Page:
09/28 Watertown Tab: Former ‘No Place for Hate’ group urges ADL to change views on Armenian genocide

Former ‘No Place for Hate’ group urges ADL to change views on Armenian genocide
By Jillian Fennimore, staff writer
Thu Sep 27, 2007, 04:30 PM EDT

WATERTOWN, MA - Members of the town’s former “No Place for Hate” committee say that four months ago they were operating a successful anti-bias program without conflict under the Anti-Defamation League.

Now, those same members are taking a strong stance against the actions of the national ADL, urging the civil rights group to unequivocally recognize the Armenian Genocide.

In a letter to the ADL, Will Twombly, former co-chairperson of Watertown’s “No Place for Hate” committee and fellow co-chair Sgt. David Sampson of the Watertown Police Department made their message strong.

“It was impossible to continue our committee’s work, and to regain our credibility in the community, while affiliated with the ADL under these circumstances,” the letter reads. “We cannot fully believe the sincerity of the ADL’s stated goals – to work for the fair and equal treatment of all – until you have completely and wholeheartedly supported the Armenian people in their quest to have their history acknowledged by all nations of the world.”

The controversy, which continues to have international repercussions, began in Watertown. In July, Newton’s David Boyajian wrote a letterto the Watertown TAB & Press about the ADL’s stance, which some said amounted to denial that the World War I-era deaths of 1.5 million Armenians under the Ottoman Empire were “genocide.”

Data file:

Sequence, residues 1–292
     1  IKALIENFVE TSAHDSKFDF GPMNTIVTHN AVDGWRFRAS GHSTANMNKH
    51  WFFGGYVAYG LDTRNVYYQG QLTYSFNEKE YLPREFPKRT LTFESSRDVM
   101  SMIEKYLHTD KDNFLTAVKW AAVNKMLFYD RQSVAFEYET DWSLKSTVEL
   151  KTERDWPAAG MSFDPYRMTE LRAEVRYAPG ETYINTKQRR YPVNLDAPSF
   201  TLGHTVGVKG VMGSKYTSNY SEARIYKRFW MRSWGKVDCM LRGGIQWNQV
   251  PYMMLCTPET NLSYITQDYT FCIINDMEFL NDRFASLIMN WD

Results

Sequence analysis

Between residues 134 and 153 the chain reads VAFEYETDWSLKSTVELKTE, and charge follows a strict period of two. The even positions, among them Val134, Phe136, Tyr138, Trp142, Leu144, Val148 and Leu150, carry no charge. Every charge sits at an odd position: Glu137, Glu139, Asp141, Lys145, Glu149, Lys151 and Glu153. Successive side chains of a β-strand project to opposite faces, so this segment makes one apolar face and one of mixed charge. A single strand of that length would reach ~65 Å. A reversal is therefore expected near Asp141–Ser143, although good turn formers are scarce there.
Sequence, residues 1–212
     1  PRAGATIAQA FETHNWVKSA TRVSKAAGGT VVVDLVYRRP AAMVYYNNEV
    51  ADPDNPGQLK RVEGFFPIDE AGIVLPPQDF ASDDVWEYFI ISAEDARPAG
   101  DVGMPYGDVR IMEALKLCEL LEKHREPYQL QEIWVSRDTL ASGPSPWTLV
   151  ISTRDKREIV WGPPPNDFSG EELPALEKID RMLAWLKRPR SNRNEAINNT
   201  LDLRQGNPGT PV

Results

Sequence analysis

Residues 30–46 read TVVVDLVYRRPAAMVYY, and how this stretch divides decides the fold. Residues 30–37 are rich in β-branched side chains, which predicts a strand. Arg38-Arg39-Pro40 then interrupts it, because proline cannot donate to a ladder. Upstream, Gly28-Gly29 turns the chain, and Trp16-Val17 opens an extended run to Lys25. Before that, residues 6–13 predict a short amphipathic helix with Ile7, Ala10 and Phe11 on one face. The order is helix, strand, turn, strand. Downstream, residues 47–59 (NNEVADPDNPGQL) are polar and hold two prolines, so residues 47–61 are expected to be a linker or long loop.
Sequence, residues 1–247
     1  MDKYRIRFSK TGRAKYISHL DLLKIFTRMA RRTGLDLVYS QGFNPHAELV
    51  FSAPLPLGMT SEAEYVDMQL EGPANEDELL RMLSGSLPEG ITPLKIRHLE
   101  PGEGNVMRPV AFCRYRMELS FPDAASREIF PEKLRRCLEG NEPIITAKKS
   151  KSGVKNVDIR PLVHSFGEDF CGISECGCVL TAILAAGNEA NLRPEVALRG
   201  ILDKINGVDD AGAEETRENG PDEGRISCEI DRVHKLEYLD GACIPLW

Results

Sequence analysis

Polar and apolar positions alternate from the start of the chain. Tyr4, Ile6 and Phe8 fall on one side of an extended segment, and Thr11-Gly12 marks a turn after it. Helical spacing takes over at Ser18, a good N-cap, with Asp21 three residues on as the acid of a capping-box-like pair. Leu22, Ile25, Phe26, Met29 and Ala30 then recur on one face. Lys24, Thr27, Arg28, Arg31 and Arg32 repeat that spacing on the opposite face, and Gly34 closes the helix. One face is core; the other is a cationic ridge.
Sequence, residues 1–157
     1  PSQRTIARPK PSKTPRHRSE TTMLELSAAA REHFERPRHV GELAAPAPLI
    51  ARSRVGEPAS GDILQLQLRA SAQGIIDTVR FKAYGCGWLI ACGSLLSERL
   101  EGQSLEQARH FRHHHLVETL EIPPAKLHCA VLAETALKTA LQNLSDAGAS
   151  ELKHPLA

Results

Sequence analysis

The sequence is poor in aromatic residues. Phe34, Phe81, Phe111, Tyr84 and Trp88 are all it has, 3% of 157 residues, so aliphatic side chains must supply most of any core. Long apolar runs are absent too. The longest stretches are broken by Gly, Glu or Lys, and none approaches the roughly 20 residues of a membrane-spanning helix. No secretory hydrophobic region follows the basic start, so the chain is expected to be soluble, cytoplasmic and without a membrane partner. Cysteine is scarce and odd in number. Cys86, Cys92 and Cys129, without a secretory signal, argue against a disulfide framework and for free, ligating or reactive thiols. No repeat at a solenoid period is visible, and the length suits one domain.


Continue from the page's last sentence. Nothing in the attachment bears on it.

After much public debate and emotional outpouring from local Armenians and officials, ADL National Director Abraham Foxman changed the organization’s position in August by calling the consequences of the Ottoman Empire’s actions “tantamount to genocide.”

Foxman enraged many Armenians, however, by his organization’s continued opposition to a Congressional resolution making it the official U.S. view that the massacres of Armenians were genocide, that is to say a concerted government effort to annihilate an ethnic group.

“We want to see the ADL take what we feel would be critical step in endorsing the Congressional resolution [on the Armenian Genocide],” said Twombly.

Twombly said he hopes Foxman’s shifted outlook will begin a “badly needed healing process.”

“We would feel hollow if it were not followed by an endorsement of the Congressional legislation,” he told the TAB & Press.

Ruth Thomasian, a local Armenian and former member of the “No Place for Hate” committee, said the committee’s original thoughts were not to immediately leave the ADL, since their programs were running so smoothly in town.

“Originally we weren’t demanding to cut ties,” she said. “We wanted to stay part of system because it was a great program. But we can’t be hypocritical about diversity issues.”

Last month, Town Council members unanimously accepted a proclamation sponsored by At-Large Councilor Marilyn Devaney severing ties with the ADL.

Since then, Belmont and Newton have followed Watertown’s lead. Arlington, which had been seeking “No Place for Hate” certification, suspended its involvement in the program. Other cities and towns are also mulling whether to drop “No Place for Hate.”

Members of the dissolved “No Place for Hate” committee in Watertown are planning a public program about the Armenian genocide. Something will be scheduled in early November, according to Twombly.

The national ADL plans to revisit its policy toward recognition of the Armenian genocide in November.

When asked whether or not committee members would consider rejoining with the ADL if the Congressional legislation is passed, Thomasian said anything could be possible down the road.

“That legislation has been going on for over 20 years,” she said. “But, yes, that would have to be considered.”

Source: http://www.wickedlocal.com/watertown/homepage/x1681074238